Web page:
Institutionalized and internalized homophobia[edit]

Institutionalized and internalized homophobia may also lead LGBT youth to not accept themselves and have deep internal conflicts about their sexual orientation.[18] Parents may force children out of home after the child's coming out.[19]

Homophobia arrived at by any means can be a gateway to bullying. As seen in the ten LGBTQ youth suicides reported by news media in September 2010, severe bullying can lead to extremities such as suicide.[20] It does not always have to be physical, but it can be emotional, viral, sexual, and racial, too. Physical bullying is kicking, punching, while emotional bullying is name calling, spreading rumors and other verbal abuse. Viral, or cyber bullying, involves abusive text messages or messages of the same nature on Facebook, Twitter, and other social media networks. Sexual bullying is inappropriate touching, lewd gestures or jokes, and racial bullying has to do with stereotypes and discrimination.[21]

Bullying may be considered a "rite of passage",[22] but studies have shown it has negative physical and psychological effects. "Sexual minority youth, or teens that identify themselves as gay, lesbian or bisexual, are bullied two to three times more than heterosexuals", and "almost all transgender students have been verbally harassed (e.g., called names or threatened in the past year at school because of their sexual orientation (89%) and gender expression (89%)") according to GLSEN's Harsh Realities, The Experiences of Transgender Youth In Our Nation’s Schools.[9]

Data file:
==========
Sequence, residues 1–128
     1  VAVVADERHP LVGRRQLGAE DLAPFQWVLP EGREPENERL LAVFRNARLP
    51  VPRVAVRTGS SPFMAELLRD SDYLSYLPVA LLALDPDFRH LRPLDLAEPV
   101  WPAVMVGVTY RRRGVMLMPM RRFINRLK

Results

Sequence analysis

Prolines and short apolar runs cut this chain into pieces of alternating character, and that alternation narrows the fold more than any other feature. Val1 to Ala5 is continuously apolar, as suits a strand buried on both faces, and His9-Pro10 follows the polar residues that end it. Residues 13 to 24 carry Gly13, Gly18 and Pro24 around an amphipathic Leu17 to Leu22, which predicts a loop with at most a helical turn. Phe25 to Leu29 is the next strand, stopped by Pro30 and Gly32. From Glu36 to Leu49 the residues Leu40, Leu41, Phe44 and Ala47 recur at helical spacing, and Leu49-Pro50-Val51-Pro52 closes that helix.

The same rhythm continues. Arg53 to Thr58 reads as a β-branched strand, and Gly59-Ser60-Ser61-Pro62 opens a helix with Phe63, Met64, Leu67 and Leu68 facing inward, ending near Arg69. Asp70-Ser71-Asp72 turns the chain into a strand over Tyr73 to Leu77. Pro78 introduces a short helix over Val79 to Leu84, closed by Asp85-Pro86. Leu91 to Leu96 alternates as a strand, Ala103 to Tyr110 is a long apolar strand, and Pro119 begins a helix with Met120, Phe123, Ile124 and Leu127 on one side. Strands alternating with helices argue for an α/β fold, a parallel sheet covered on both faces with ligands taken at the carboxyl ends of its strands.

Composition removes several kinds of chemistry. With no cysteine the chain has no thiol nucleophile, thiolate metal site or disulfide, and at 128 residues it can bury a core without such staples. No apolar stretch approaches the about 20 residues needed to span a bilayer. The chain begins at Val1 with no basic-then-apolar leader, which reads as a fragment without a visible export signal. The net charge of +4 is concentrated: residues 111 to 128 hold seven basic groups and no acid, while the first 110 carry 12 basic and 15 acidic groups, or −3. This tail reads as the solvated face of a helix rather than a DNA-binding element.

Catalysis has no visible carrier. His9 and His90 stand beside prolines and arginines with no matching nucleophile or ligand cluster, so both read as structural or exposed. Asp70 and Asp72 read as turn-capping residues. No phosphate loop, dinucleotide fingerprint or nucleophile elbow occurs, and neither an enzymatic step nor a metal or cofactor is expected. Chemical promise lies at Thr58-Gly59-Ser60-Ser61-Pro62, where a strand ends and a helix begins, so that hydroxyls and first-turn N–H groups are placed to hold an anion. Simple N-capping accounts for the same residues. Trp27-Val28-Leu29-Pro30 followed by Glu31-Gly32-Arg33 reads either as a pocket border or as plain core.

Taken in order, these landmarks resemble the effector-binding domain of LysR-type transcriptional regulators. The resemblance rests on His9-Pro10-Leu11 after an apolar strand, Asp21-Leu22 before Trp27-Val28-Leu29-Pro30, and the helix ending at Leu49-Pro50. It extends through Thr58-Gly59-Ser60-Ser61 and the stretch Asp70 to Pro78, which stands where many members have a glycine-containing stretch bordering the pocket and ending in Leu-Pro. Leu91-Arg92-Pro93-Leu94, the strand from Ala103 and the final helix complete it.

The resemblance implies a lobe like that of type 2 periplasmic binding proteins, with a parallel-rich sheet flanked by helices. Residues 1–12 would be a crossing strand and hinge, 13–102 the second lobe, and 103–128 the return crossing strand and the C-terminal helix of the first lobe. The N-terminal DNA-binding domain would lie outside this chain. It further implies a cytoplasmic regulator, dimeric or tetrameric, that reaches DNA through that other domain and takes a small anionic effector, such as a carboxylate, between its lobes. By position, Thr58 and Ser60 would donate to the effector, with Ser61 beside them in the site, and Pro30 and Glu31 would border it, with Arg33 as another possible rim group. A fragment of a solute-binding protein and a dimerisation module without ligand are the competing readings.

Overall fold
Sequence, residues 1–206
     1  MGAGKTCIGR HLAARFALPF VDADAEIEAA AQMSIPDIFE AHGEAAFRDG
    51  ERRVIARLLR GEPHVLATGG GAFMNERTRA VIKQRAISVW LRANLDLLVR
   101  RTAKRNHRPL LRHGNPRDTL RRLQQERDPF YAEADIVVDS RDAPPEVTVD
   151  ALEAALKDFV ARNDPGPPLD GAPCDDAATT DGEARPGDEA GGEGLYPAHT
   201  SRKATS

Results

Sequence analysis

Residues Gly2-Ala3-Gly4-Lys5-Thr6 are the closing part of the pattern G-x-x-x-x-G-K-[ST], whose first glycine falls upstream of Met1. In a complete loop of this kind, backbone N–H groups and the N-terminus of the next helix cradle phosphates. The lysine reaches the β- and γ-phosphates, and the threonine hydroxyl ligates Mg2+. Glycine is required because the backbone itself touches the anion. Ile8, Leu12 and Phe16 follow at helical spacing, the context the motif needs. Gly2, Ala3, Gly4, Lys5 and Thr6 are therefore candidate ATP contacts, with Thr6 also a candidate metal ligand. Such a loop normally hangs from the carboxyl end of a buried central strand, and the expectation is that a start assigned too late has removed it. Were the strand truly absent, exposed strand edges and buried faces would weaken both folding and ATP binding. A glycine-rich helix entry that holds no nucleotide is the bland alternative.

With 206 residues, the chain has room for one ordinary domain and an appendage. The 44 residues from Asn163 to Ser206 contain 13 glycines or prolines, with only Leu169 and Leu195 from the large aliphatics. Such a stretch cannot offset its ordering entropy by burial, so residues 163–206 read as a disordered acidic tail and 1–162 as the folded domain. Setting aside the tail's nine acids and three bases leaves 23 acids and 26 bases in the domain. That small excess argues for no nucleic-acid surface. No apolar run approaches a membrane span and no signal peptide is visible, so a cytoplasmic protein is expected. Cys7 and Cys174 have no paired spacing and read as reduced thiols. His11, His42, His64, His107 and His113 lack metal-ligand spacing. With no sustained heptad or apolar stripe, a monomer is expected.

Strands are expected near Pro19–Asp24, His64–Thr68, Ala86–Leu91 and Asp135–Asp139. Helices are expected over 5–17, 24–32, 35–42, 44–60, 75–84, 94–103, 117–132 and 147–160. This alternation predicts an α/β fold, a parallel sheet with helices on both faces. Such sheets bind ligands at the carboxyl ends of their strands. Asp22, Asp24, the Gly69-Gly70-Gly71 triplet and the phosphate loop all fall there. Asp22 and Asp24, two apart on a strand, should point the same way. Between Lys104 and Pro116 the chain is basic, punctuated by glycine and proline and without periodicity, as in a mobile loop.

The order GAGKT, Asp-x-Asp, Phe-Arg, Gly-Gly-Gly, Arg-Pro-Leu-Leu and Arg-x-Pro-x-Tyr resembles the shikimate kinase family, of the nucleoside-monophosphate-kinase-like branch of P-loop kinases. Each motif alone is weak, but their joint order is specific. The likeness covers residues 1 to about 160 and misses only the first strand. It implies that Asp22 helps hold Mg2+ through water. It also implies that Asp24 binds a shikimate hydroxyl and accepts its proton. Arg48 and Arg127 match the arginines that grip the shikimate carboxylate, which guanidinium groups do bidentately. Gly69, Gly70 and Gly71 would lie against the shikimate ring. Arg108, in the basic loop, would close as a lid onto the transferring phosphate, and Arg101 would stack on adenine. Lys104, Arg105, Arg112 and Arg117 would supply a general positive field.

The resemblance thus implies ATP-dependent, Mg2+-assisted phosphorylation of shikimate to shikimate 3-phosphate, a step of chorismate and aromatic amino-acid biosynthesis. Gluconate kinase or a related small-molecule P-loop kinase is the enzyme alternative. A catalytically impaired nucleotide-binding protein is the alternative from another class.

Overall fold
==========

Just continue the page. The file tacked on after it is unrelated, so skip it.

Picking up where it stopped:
This issue has been a hot topic for media outlets over the past few years, and even more so in the months of September and October 2010. President Barack Obama has posted an "It Gets Better" video on The White House website as part of the It Gets Better Project. First lady Michelle Obama attributes such behaviors to the examples parents set as, in most cases, children follow their lead.[23]

The Trevor Project[edit]

"The Trevor Project was founded by writer James Lecesne, director/producer Peggy Rajski and producer Randy Stone, creators of the 1994 Academy Award-winning Young Adult Fiction short film, Trevor,Young Adult Fiction/comedy/drama about a gay 13-year-old boy who, when rejected by friends because of his sexuality, makes an attempt to take his life."[24] They are an American non-profit organization that operates the only nationwide, offering around-the-clock crisis and suicide prevention helpline for LGBTQ youth, the project "is determined to end suicide among LGBTQ youth by providing life-saving and life-affirming resources including our nationwide, 24/7 crisis intervention lifeline, digital community and advocacy/educational programs that create a safe, supportive and positive environment for everyone."[24]

It Gets Better Project[edit]